Important features

  • Declarative syntax

SwiftUI uses a declarative syntax, which simplifies and speeds up the development process 

  • Live preview

When building UIs with SwiftUI, any changes you make are shown in real time which greatly speeds up development

  • Built-in accessibility features

SwiftUI has built-in accessibility features, which makes building an accessible app much easier

Pros and cons


  • Clean code
  • Declarative syntax
  • Reduced development time


  • Limited support for older OS
  • Learning curve


SwiftUI is completely free and embedded into Xcode.


Cloudkit is Apple’s cloud storage service you can use to integrate iCloud into your iOS app.

This way, you can easily store data in the cloud and sync it across users’ devices.


It’s also one of the best and most cost-effective options for building your iOS app’s back-end.

Also, since it’s native to Apple, integrating it with your app is a very simple process.

And that’s why you should go with it.

Important features

  • Data storage and synchronization

Using iCloud, Cloudkit offers APIs for saving, fetching, and syncing user data across devices

  • Authentication

Cloudkit uses Apple ID for authentication, so you don’t need app-specific accounts and passwords

  • Scalable infrastructure

With Cloudkit, you can get a reliable and scalable back-end infrastructure for your app without having to manage server-side code and hardware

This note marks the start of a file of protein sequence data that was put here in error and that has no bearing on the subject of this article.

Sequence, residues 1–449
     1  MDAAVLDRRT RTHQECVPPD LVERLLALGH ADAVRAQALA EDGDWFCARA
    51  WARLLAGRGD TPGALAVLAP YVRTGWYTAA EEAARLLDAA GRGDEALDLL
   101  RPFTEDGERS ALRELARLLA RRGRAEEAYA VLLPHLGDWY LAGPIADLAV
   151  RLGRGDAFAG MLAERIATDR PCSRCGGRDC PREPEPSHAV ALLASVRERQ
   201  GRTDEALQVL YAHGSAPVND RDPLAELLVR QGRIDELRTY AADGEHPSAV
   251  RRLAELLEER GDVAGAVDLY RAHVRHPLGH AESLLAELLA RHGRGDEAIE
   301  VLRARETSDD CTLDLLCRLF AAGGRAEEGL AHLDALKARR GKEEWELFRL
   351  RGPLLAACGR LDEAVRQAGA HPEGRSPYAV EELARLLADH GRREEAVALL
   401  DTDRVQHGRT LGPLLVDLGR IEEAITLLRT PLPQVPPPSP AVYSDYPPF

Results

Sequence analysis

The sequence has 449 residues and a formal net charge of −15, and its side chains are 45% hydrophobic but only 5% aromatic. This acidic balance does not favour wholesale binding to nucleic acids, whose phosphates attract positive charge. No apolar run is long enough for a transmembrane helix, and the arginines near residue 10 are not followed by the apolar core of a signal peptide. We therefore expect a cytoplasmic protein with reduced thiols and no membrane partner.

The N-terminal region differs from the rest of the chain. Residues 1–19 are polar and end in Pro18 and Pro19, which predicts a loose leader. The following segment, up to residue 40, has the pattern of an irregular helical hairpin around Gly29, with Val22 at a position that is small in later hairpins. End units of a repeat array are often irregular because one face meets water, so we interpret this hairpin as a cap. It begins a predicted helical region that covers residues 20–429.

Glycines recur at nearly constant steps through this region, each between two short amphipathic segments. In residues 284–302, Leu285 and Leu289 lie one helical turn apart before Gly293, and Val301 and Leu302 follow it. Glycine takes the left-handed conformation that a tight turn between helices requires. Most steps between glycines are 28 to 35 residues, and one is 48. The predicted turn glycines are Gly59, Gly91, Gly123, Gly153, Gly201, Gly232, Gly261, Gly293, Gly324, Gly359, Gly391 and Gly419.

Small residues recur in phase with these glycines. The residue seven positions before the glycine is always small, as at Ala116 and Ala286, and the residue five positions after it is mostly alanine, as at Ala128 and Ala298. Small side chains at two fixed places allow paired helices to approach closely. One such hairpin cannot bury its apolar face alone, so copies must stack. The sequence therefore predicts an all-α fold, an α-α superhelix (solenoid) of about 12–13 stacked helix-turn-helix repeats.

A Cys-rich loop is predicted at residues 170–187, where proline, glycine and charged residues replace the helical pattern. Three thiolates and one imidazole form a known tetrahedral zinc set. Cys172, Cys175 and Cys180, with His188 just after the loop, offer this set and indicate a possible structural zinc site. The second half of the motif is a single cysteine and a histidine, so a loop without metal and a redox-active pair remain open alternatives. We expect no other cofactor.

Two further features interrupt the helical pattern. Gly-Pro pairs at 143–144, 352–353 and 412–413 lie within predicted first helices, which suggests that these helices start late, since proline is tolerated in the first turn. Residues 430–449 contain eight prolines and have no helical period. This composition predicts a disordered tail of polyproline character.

Pros and cons


  • Cost-effective
  • Easy to use
  • Automatic synchronization


  • Limited to Apple
  • Privacy restrictions


Cloudkit is free to use, as long as you stay within Apple’s quota – you get charged a feed only if you exceed the quota.

Best Android app development tech stack to use in 2024

Next, let’s discuss the best Android app development tech stack.


Kotlin is a programming language developed by JetBrains and supported by Google for Android app development.

It’s designed to be concise, expressive, and safe.

Here’s what Kotlin code looks like:

Kotlin code

Also, it’s fully interoperable with Java, so you can use Java-specific libraries and tools when building your Android app.

And that’s why it should be your top choice.

Important features

  • Coroutines

Kotlin introduced coroutines, which help you handle long-running tasks and support asynchronous programming

  • Interoperability with Java

Kotlin is fully interoperable with Java, so you can use existing Java libraries, frameworks, and tools in Kotlin projects

  • Null safety

Kotlin has built-in null safety, which prevents bugs and problems like the NullPointerException that’s common in Java

Pros and cons


  • Concise code
  • Null safety
  • Good documentation


  • Slower compilation speed